By Will Collier

We're all guilty of wearing our AdWords blinkers from time to time, but here's a few good reasons to broaden your search horizons and give Bing a shot.

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Everyone likes an underdog

For a long time now AdWords has been the mainstay pay per click platform for everyone from agencies to global conglomerates to DIY PPCers. However as Katy wrote about back in March, the competitive landscape is changing and you cannot afford to disregard other search engine advertising.

As I sat at my desk last week playing with Bing's cheeky new advertising tool Bing it On (which coincidentally told me Bing was my preferred search engine) I realised that for searchers, Bing is actually pretty good. From an advertiser's perspective, Bing Ads may be still very much in its chrysalis but there's a few features which hint at Bing's true potential.

Click quality

AdWords looks after your money well and is pretty good at spotting invalid clicks (from robots, unloaded pages, foul play etc) but Bing Ads takes it one step further. With Bing we can see "low quality clicks" – those that "exhibit characteristics of unclear commercial intent, and patterns of unusual activity".

Using this anonymous client as an example, campaign 2 is worrying as nearly 80% of impressions and 20% of clicks are low quality. This campaign could either be running ads which are misleading or reaching inappropriate people, or it could be a very competitive area where costs are being accrued from foul play. On the other side, Bing can get it wrong; campaign 1 is showing that despite 6.4% of clicks being deemed low quality, they contribute to 30% of overall conversions!

Search partner reporting

Like on AdWords, Bing and Yahoo also allow you to show your adverts on a huge group of websites which use their search function – the Search Partner Network. In AdWords this is a straight opt in/out choice but it's not quite as black and white as that in reality. Just as a particular keyword or ad headline works well in a campaign, certain search partner websites may work better than others.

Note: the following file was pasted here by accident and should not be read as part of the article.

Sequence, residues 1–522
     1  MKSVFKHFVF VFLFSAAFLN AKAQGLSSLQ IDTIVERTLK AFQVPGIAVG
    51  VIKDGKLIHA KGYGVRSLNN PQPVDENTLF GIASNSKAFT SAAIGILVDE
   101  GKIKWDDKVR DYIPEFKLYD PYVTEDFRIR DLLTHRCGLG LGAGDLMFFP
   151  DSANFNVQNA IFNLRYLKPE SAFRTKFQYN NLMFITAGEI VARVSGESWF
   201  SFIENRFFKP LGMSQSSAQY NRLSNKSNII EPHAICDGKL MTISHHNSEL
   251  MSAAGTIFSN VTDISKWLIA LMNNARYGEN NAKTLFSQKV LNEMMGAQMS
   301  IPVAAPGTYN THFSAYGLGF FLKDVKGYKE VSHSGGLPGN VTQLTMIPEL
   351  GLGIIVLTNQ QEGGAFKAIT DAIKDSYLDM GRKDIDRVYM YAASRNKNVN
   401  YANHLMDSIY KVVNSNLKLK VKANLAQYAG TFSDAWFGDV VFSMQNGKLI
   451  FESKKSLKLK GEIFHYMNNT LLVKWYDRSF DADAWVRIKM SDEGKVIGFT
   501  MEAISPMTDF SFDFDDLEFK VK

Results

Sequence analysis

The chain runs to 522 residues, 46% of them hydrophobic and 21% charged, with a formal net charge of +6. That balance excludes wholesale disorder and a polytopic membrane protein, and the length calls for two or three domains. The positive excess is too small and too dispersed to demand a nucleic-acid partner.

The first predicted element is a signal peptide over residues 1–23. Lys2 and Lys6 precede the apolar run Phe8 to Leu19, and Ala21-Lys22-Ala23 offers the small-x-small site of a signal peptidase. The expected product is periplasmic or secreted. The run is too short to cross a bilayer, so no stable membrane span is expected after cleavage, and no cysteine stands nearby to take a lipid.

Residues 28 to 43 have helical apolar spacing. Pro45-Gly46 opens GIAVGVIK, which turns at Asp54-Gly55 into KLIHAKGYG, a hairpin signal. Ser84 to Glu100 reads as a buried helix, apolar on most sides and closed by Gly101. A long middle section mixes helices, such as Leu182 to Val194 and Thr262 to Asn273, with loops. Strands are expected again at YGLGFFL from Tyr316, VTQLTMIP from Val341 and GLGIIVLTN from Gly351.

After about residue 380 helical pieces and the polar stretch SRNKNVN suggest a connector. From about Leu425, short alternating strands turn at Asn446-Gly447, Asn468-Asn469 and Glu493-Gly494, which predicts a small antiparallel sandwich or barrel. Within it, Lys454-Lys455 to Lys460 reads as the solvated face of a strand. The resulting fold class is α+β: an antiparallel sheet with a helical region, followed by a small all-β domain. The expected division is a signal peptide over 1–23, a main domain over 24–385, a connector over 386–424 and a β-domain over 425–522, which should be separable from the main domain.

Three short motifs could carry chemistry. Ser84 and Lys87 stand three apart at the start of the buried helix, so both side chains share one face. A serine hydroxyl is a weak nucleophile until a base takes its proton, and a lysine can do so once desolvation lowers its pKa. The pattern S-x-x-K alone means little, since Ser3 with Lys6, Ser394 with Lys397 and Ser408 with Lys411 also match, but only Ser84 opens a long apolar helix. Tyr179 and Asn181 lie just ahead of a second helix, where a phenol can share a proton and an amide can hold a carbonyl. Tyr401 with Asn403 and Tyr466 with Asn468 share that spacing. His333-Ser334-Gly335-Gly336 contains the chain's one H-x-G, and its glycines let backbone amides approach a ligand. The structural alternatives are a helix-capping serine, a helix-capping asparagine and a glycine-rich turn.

The best thing about this feature is you can break it down all the way to Ad Group level!

Search partner exclusions

With Search Partner performance report, Bing gives you the ability to exclude individual publishers. This is great if you don't want to appear on certain sites (large retailers, inappropriate sites etc) or if you work to a very strict KPI. You can filter out any Search Partners who don't meet your requirements and then exclude their URLs from your advertising. Go to the affected campaign settings and find the tool under "advanced settings":

Ad group level ad rotation, ad scheduling, location targeting

Bid adjustments for time, date, location and devices have been around for some time and are great ways to optimise your accounts. The problem you can have with AdWords here is that if you discover an ad group performs differently to others or you want to give it its own bid adjustments, you have to separate out that ad group into its own campaign (the only exception being for device targeting). This isn't always a bad thing,- some things need to be kept separate, but for minor differences and when you want to keep a tidy account, this can be a pain.

Bing are making headway on the search scene, offering the flexibility that others can't. With their quick response to feedback and these handy tools, there's no excuse not to start advertising on Bing already!

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